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Saturday, 17 September 2011

How the cost-effectiveness of land remediation is measured.

Cabinet, at its meeting on the 15th of August, agreed to a new method of calculating whether it would be cost-effective to remediate particular areas of land. This decision was made in association with decisions on the Kaiapoi Orange Zone, and was used for those decisions.

The method determines that land is not cost effective to remediate if the cost of remediation would be greater than the value of the land as set out in para 8.1 of the Cabinet Minute. While not the only criteria for deciding whether land is to be zoned Red or Green, the method does tackle the financial part which is the primary reason for the designations.

What follows is extracted from para 8.1 of the Cabinet Minute of the 15th of August. A copy can be downloaded here.
Determining the cost of remediation
This cost is determined by adding the first three items in the list, then subtracting the fourth.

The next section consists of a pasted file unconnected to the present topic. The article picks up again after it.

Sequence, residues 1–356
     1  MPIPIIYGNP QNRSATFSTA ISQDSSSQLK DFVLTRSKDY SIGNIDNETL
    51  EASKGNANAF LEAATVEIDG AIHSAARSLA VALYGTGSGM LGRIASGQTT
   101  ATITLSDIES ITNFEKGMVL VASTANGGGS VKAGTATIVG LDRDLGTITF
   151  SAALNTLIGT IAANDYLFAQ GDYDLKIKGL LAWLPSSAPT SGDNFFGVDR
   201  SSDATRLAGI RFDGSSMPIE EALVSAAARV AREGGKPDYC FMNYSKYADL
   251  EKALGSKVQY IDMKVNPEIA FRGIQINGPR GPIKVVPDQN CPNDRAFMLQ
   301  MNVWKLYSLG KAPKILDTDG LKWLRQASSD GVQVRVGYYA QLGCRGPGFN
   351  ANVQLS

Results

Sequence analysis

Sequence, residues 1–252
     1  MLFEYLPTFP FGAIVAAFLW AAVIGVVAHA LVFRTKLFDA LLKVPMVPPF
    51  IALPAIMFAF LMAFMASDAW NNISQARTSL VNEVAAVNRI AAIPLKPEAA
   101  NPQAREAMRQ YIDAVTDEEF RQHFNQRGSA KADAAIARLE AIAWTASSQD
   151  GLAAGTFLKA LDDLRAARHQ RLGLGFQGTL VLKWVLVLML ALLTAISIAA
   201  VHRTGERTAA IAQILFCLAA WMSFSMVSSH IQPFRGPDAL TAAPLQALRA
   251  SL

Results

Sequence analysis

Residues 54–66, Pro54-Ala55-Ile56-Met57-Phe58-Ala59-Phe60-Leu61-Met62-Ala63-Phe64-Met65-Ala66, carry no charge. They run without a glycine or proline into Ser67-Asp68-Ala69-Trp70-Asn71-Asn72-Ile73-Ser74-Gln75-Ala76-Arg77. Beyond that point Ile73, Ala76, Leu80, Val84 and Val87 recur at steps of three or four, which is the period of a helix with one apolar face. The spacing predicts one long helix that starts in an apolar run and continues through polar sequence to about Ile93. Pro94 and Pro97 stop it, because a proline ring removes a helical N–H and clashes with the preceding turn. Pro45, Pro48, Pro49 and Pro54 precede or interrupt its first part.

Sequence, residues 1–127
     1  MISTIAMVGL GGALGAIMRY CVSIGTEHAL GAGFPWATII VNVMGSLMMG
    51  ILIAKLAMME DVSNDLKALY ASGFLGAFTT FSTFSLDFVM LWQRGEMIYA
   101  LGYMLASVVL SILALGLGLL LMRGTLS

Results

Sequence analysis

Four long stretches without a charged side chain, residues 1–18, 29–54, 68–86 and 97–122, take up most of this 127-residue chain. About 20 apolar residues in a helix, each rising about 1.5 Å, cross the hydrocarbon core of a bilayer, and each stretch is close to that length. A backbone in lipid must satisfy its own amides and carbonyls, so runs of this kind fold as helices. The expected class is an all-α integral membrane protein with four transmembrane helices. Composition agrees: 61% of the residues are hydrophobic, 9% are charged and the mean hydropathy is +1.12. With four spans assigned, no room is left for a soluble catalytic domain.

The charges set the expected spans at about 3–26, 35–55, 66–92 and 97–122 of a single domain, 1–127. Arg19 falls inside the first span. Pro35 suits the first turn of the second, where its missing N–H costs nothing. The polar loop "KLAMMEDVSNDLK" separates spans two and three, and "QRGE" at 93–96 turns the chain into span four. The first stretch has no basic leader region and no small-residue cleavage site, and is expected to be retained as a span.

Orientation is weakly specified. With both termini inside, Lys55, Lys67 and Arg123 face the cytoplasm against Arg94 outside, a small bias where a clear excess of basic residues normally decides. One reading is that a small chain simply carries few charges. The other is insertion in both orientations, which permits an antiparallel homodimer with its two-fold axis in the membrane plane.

1.  Cost of land reinstatement to pre-September condition  plus
  2. The betterment cost (i.e. perimeter treatment and/or additional raising of land) plus
  3. Infrastructure replacement (see note 1) minus
  4. Decommissioning costs (infrastructure decommissioning and greening)
Determining cost effectiveness
  1. If the cost of the above exceeds the improvement in the value of the damaged land (see note 2), remediation is not cost effective.
  2. If the cost of the above is less than the improvement in the value of the damaged land, remediation may be cost effective.
Note 1: Includes the infrastructure within the Orange Zones required to service the sub-zone area of interest (and excludes the cost to repair infrastructure required to service surrounding Green Zones)
Note 2: Despite the recent earthquake events, properties are likely to have some land value left. We assume there is 10% of the land value remaining in the properties, as indicated by the Valuer General.
You can see how this was applied in the assessment of the Kaiapoi Orange Zones by looking at Paragraphs 9 - 14 on page 3 of the Cabinet Minute (here). The background information upon which the decision was made is contained in the Cabinet Paper here.

Anyone hoping to appeal a Green Zone ruling will need to check out how their property stacks up against this criteria, once the information becomes available. What may not be made known is how the figures are reached, and what margin of error attaches to them.

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